10 Tips For Print Designers Coming To The Web
More and more print designers are making the switch to the web which is breathing life and creativity into designs around the web. Often however print designers are unaware that the medium is very different from the print environment. Here are ten tips to get your design for the web on the right track.
The primary unit of designing for the web is Pixels. Particularly when you are setting up your page you will need to be aware of pixels. When creating a new document Photoshop allows you to select a number of predefined page sizes for the web. It is a good idea to have rulers switched on so you can see pixel widths. To view rulers go to View > Rulers. It is possible that the default unit is not pixels. Right click on one of the rulers to bring up a menu and select pixels.
Screen size is not uniform
Screen sizes or viewports are not uniform on the web. Most users will have screens of at least 1024 x 768 pixels, although to be absolutely safe you should design for 800 x 600. Often screens are slightly smaller so it is a good idea to bring designs in 10 pixels from the default.
Fixed width and Fluid width
You may decide that you want your design to stretch with the size of the viewport. The advantages of this are that the entire width of the screen will be filled. The disadvantage is that your design will be pulled sideways on very wide screens. This is very much a matter of personal preference. Compare a fixed width design like the BBC to a fluid design like Slashdot. It is a compromise between filling the screen and maintaining control over your design.
If you are feeling really adventurous there is also elastic layout - see Jon Oxton's article or this article on A List Apart.
In order for a font to display as text on the web it has to be on the users computer. There are ways to get round this but it is good practice to understand that there are limitations to the fonts you can use as text. Of course if you wish you can create text as images and use any font you like but this has some accessibility and search engine optimisation implications. Familirise yourself with the fonts that are available by default. There are two good surveys on installed fonts for Windows and for Mac. If a user does not have a font you can specify another one that should be used. A CSS coder can explain this to you in further detail.
Deliver designs as layered Photoshop files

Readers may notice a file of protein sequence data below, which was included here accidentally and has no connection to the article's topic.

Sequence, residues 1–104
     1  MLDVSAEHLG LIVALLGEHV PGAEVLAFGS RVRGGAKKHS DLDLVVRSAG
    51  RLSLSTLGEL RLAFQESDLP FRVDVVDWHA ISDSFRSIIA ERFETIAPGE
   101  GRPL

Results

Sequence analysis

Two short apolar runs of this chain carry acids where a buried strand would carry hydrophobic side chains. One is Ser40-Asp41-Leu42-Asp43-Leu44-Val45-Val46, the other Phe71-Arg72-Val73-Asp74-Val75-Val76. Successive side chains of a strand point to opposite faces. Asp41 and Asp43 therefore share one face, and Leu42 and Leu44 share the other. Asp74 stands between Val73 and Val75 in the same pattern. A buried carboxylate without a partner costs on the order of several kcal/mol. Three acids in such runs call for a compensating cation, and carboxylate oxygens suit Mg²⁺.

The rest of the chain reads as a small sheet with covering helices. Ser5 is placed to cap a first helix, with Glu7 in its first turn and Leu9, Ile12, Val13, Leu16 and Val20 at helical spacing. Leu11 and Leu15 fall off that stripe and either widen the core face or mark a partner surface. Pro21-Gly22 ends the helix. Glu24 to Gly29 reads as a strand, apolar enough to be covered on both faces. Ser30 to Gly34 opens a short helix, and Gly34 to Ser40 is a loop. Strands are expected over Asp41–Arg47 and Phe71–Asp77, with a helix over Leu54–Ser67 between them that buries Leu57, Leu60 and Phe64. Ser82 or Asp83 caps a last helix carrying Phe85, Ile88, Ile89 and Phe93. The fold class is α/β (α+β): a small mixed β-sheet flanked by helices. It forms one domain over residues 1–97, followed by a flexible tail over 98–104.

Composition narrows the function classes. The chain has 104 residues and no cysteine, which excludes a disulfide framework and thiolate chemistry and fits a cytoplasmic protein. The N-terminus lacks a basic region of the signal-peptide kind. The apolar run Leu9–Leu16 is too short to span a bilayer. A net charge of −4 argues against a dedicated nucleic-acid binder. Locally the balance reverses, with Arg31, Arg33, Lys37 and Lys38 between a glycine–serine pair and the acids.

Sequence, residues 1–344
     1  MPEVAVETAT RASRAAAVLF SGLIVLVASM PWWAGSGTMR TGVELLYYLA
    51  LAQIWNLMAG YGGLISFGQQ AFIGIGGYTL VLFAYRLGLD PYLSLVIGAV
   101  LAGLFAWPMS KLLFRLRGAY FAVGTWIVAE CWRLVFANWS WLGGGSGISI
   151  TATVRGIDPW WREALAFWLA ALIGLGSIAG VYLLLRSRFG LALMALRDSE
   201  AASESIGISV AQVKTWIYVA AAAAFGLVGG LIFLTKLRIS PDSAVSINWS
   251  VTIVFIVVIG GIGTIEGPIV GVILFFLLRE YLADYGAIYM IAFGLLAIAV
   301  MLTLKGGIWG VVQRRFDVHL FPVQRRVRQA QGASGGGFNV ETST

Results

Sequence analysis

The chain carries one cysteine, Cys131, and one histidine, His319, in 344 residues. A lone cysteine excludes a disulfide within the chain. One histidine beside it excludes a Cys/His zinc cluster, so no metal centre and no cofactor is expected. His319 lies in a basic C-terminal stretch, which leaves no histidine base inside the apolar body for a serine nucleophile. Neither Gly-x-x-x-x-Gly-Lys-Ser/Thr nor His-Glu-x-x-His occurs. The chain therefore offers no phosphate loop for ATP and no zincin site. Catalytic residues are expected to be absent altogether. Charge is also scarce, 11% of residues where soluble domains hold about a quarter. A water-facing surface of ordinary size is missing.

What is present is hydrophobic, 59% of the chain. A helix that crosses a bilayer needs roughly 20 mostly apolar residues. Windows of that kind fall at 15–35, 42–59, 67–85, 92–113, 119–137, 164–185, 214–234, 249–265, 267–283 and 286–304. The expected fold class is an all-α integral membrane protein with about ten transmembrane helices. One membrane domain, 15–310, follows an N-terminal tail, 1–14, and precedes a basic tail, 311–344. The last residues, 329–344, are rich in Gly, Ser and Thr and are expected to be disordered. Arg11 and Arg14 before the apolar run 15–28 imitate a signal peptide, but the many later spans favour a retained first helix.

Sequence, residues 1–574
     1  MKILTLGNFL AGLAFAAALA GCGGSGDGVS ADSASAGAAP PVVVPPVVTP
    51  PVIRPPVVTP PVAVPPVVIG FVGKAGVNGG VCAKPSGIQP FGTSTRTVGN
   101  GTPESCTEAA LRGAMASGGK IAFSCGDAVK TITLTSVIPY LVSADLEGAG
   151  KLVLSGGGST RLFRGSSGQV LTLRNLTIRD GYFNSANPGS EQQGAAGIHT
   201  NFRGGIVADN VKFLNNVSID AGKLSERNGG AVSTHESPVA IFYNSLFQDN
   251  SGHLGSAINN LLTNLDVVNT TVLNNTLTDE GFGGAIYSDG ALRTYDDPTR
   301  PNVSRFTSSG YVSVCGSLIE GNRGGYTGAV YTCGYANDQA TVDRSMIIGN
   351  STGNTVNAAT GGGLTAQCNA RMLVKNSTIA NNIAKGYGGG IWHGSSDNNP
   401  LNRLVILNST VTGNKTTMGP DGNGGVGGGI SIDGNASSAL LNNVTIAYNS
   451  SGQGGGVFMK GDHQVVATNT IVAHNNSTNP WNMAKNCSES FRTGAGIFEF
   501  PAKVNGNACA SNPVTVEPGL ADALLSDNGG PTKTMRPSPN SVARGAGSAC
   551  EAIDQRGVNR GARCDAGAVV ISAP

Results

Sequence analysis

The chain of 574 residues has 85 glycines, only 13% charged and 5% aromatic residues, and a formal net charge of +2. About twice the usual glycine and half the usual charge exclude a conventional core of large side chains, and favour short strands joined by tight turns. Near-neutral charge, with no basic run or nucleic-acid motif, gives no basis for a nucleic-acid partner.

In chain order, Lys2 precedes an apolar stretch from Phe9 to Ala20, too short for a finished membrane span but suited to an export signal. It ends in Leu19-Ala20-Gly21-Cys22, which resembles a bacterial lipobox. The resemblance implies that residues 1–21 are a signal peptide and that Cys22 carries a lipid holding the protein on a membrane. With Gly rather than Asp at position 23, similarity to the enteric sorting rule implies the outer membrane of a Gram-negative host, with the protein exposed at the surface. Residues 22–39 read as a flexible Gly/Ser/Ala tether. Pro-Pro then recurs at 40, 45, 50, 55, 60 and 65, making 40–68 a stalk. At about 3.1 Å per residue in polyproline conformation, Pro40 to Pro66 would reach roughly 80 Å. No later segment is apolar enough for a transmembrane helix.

The Industry standard for delivering designs is a layered .psd Photoshop file. Keep everything seperate - that means background images, colours, and text. This will make coding the site quicker and easier. Leave text as text - do not convert to symbols as you would for print as this will hide the font type and size from the coder.
Don't expect your design to look the same on all browsers
Possibly the most difficult thing to accept for print designers is that they have less control over designs on the web. Users are able to alter designs by enlarging text, turning off styling or images. Furthermore browsers interpret code differently so your design may appear slightly differently on Opera than it does on Internet Explorer. A good XTHML and CSS coder will be able to make it as close to the design as possible but beware that there may be some minor differences.
Be aware of Web Safe colours
Computer screens are improving but there are still a significant number that are unable to display all colours. If you want to be certain that your design will display consistently across the web you need to use web safe colours. In Photoshop's colour picker you can check 'Web Safe Colors'. This will reduce the palette to colours that will display on the web. Yes it is limited! If you do not use web safe colours beware that the colour of your design may display inconsistently on some monitors.
Vertical scrolling is normal but beware that particularly on the homepage your should have your most important page elements within the Viewport. The point at which the screen scrolls is called the fold. On 800 x 600 screens this is at 600px. At very least you should have your navigation and logo before the fold.
Horizontal scrolling is generally frowned on. Users are not used to this convention and it is not recommended so avoid this.
Take advantage the web for inspiration
One of the great things about the web is that you can access any design. There are a number of style galleries you can browse and bookmark. If you are familiar with RSS you can subscribe to feeds from the major ones and have new designs delivered to your newsreader each day. A number of good ones are Stylegala, Netdiver, CSS Drive and CSS Elite.
Learn XHMTL and CSS
Although you do not need to know XHTML and CSS to design for the web you will be giving yourself a strong advantage if you understand the medium your a designing for. There are some excellent books now on the market to introduce you to XTHML and CSS. Many designers have learnt XHTML and CSS - it is not difficult and your designs will be more robust and better informed as a result. A couple of recommended books are: Beginning CSS Web Development and Build Your Own Website the Right Way.